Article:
Brothel, ACLU, media battle for vice advertising

The Nye County brothel that popularized the term "prostidude" could one day be featured in arguments before the Supreme Court.

The American Civil Liberties Union of Nevada, on behalf of the Shady Lady Ranch and two Nevada publications, is appealing a 9th U.S. Circuit Court of Appeals decision limiting brothel advertising.

The appeals court's decision in March overturned the 2007 ruling of a Las Vegas judge that Nevada laws limiting brothel advertising violated the First Amendment.

Nevada Attorney General Catherine Cortez Masto argued that the state has a right to prevent the "commodification and commercialization of sex," despite prostitution being legal in several counties.

The appeals court agreed, saying that "increased advertising of commercial sex throughout the state of Nevada would increase the extent to which sex is presented to the public as a commodity for sale."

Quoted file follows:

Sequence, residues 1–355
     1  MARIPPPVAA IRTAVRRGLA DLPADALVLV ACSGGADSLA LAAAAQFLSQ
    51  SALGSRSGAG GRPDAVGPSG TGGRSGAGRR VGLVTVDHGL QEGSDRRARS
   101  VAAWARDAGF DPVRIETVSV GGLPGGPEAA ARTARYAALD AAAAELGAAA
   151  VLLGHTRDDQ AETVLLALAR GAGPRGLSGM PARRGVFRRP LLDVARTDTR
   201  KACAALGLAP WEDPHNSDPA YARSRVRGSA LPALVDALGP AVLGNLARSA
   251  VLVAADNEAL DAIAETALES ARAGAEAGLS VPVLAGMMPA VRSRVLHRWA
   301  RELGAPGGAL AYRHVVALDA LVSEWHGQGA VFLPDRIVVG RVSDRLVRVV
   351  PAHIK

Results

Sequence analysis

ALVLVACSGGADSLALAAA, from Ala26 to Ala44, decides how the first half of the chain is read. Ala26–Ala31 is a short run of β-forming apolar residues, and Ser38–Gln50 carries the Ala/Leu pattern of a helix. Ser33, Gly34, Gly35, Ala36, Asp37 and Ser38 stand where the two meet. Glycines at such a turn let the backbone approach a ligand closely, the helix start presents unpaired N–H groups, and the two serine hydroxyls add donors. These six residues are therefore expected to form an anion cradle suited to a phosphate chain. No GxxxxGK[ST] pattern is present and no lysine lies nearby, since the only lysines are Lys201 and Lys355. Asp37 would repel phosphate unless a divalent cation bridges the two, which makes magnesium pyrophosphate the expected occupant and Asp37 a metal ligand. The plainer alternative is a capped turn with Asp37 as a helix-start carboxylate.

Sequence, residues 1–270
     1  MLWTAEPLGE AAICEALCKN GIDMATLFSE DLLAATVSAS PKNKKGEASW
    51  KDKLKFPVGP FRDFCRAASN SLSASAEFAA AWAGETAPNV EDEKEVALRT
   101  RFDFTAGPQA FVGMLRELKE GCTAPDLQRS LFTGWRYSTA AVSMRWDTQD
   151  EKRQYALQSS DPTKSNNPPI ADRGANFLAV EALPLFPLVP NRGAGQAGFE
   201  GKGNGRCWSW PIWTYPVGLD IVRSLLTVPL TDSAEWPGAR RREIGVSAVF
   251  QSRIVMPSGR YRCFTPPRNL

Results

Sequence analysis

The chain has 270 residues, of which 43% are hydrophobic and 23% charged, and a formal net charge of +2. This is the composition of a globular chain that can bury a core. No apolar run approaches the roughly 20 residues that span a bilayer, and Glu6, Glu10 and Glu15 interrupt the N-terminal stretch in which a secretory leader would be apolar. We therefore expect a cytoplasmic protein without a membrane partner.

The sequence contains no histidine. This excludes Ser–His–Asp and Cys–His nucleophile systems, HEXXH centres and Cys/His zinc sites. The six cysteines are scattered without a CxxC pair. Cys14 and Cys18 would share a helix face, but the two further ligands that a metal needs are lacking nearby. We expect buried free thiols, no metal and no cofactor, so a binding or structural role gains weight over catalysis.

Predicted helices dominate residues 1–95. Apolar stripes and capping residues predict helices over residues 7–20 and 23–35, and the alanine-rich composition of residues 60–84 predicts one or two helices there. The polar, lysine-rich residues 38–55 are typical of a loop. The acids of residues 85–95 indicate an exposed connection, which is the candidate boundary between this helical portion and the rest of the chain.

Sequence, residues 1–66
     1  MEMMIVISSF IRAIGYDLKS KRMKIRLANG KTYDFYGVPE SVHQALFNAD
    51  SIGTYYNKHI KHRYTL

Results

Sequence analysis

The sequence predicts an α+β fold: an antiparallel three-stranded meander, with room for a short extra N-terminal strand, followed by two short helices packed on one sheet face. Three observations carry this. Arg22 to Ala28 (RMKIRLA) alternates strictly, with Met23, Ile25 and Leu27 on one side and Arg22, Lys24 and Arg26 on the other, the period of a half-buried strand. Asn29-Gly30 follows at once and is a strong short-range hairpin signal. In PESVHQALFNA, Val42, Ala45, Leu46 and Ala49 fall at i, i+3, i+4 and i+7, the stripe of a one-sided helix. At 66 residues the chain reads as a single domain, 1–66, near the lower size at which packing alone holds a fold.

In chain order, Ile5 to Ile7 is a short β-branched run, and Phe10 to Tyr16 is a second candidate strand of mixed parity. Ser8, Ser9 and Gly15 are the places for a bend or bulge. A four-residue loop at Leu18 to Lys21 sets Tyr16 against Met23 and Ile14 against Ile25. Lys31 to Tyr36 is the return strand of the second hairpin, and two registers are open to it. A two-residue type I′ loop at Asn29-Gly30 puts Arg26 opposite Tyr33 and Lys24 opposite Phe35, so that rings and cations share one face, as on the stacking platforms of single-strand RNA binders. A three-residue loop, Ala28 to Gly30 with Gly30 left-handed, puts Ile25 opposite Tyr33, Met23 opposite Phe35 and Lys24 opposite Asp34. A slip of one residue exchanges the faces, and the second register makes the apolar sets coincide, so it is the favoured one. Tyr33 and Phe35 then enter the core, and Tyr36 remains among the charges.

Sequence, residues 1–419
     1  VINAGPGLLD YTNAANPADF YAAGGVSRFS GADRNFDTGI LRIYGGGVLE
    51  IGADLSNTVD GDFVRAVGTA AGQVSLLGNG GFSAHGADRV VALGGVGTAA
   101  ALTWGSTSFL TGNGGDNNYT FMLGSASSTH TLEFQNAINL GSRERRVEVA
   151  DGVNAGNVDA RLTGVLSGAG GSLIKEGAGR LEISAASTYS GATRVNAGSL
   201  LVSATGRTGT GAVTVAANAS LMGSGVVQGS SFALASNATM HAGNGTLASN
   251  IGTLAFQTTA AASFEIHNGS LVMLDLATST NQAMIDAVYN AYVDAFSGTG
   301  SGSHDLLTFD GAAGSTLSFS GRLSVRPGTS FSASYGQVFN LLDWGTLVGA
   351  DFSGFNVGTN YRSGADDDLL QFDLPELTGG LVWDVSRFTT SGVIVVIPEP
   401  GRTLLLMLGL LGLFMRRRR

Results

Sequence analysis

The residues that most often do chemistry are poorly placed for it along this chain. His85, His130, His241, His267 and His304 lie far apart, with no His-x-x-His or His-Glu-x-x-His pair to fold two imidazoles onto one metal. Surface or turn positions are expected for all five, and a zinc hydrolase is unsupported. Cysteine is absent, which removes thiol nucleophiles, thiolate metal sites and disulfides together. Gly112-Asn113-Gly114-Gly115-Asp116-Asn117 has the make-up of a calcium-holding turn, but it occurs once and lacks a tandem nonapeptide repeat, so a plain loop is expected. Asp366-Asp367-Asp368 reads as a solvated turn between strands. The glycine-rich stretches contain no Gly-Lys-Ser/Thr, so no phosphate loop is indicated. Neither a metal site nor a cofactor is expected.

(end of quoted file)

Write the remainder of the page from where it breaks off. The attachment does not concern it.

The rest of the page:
In its appeal this month, the ACLU argued that the court's reasoning went against previous decisions of the Supreme Court regarding limiting advertising of "vice activities."

It cited three of the high court's decisions in the past 15 years, including one regarding Rhode Island's ban on alcohol advertising outside of the place of sale. The Supreme Court found the ban in violation of the First Amendment in part because the sale of alcohol was legal in the state.

The Shady Lady ranch, north of Beatty, made national news when it debuted the state's first male prostitute. The brothel has advertised regularly in Las Vegas CityLife, which, along with the High Desert Advocate newspaper in West Wendover, is listed as petitioners in the court filing. CityLife is owned by Stephens Media, owner of the Las Vegas Review-Journal.

The Supreme Court can choose not to take up the issue.

Contact reporter Lawrence Mower at lmower@review or 702-383-0440.


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